So in the Boom Times of later 2020 and 2021, almost every VC pushed SaaS companies to at least become a little bit of a fintech. Why? It seemed such an easy way to bolt on more revenue to an underlying SaaS platform. And indeed, sometimes it can be. Shopify now gets 2x the revenue from payments and merchant services than it does from SaaS subcriptions.
But here’s the thing: it’s often not a free lunch. You pay in the gross margins.
Let’s take a broad look.
Gross Margins of Pure Play SaaS:
- Monday.com: 86% Gross Margins
- ZoomInfo: 84% Gross Margins
- Atlassian: 83% Gross Margins
- HubSpot: 80% Gross Margins
- Datadog: 78% Gross Margins
- Zoom: 75% Gross Margins
This isn’t to say SaaS is always wildly profitable. Especially if you spend 50% of your revenue on Sales & Marketing, it can take many years to really get profitable in SaaS. But those high gross margins eventually can make you insanely profitable. Even if often takes until $200m, $500m, $1B in ARR to get there. ?
And Fintech when you really hit it can be incredible profitable. Look at Adyen. It processed $300+ Billion in transactions in the first half of the year. That led to $556m in net revenue (a very small % of that $300 Billion). But what they did take, was very profitable. More than half went to the bottom line: $357 million — wow!
Ok now let’s look at some pure-play Fintechs:
- PayPal: 47% Gross Margins
- Affirm: ~46% Gross Margins (probably lower)
- Marqeta: 40% Gross Margins
- Block/Square: 30% Gross Margins
So while Fintech may need massive amounts of transactions to process, and have lower gross margins than SaaS, done right it’s a thing of beauty. So it makes sense bolting on payments to SaaS can be attractive.
And now let’s look at a few that combine SaaS + Payments:
As you can see, the revenue goes up, but the Gross Margins fall. So it’s not that simple. Paying Stripe and others half or more of the revenue from the relatively slim take you may make on payments can really drag down your margins.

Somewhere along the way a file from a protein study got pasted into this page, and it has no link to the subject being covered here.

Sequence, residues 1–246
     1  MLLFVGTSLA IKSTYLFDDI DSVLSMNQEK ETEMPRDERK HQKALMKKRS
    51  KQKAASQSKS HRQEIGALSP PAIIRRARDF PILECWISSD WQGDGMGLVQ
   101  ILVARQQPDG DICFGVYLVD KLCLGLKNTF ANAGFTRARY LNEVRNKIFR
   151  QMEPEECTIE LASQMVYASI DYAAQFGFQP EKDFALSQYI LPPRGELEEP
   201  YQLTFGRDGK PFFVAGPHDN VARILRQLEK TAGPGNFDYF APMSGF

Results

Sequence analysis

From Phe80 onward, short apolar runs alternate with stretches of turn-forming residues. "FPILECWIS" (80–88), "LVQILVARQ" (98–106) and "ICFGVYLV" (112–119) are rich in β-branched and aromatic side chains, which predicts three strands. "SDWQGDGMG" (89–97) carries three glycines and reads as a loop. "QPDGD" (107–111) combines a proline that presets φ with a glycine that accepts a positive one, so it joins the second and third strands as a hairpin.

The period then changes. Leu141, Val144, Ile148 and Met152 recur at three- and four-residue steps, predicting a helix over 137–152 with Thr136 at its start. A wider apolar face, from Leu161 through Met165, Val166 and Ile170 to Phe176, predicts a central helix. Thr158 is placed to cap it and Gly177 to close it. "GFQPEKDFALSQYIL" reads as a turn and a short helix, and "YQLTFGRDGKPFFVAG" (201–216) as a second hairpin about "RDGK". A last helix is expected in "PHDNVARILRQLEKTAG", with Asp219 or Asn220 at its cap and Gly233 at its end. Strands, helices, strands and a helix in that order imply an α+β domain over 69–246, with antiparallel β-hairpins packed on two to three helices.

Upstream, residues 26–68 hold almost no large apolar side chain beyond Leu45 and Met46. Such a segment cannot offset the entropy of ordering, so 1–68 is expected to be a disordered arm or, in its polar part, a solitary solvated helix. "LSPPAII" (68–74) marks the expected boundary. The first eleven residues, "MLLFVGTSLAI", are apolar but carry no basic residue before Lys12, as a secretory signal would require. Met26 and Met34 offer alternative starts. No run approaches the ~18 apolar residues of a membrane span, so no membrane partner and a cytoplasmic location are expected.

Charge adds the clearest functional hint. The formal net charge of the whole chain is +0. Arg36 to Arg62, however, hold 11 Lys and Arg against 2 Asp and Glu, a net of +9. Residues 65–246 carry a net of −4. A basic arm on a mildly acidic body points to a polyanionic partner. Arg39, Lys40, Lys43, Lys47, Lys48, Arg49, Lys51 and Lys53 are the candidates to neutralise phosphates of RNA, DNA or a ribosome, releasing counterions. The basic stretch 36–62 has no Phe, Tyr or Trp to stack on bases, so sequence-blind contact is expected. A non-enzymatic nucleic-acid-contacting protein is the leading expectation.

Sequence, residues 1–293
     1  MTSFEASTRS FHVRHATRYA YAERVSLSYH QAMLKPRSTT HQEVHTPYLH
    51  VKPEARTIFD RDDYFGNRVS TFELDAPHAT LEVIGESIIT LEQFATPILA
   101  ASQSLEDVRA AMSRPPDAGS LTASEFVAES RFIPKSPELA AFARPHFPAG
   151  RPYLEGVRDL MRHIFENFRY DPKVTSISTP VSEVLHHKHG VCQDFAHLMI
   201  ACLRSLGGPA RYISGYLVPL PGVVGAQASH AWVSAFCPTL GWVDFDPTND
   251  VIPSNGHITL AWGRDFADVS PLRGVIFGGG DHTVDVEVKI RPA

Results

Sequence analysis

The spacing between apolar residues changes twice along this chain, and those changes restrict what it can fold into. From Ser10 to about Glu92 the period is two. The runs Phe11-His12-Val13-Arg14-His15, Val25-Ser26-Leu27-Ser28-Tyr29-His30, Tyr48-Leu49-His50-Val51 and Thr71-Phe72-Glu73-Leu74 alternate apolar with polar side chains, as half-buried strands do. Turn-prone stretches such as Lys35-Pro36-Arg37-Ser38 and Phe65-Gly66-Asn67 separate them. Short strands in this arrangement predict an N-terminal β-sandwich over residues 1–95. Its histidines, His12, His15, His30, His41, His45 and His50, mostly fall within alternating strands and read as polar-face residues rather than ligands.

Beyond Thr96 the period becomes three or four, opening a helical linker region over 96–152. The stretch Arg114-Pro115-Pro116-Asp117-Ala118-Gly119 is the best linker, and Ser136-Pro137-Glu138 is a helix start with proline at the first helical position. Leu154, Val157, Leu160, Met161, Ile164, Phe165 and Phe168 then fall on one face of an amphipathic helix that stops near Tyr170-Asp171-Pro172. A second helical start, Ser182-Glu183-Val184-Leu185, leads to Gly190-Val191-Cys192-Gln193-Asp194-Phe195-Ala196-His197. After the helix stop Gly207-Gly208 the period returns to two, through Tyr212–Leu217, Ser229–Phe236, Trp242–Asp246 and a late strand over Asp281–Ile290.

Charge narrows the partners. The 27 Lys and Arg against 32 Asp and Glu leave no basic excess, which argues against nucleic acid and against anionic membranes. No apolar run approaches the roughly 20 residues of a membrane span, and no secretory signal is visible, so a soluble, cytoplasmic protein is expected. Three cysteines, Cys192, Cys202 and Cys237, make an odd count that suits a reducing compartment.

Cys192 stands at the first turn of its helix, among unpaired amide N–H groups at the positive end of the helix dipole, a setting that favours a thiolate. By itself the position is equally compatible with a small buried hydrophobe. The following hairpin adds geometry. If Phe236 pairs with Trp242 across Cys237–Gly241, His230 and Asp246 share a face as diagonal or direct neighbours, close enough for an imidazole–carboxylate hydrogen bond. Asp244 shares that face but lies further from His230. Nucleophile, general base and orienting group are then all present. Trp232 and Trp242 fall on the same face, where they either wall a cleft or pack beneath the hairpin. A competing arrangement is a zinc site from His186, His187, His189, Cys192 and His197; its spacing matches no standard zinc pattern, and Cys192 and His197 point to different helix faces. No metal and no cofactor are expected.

In software, basically, the gross margin costs are running some servers and customer support. But in fintech and payments, the costs are usually much higher (though it varies).
And some folks have done it the harder way. Bill.com waited until its IPO to really build out its payments network, and it did it the hard way — by doing it itself internally. It’s been rewarded with 78% gross margins. More on why they did it this way in my deep dive with CEO Rene LaCerte here:
Also important to note is that Bill’s NRR went way up once they added payments. So if you do payments right, they can make your app a lot more valuable to your customers, and stickier.
The point is just that adding payments and fintech to SaaS isn’t necessarily magic. You have to make sure your blended gross margins are still software-like, ideally still 70%+. If you fall below that, you really don’t deserve that SaaS revenue multiple and valuation.
Which many folks got in the Boom Times of 2021. They got a pass on all revenue being equal. That they’ve now mostly lost.
At least, be cognizant that Payments + SaaS isn’t a free lunch. Ditto hardware + SaaS, or even all 3 together like Toast. You have to take into account the costs, both soft costs and hard costs in lower margins. Do it for the right reasons. It worked amazingly for Bill.com. But others have done just fine sticking to their knitting.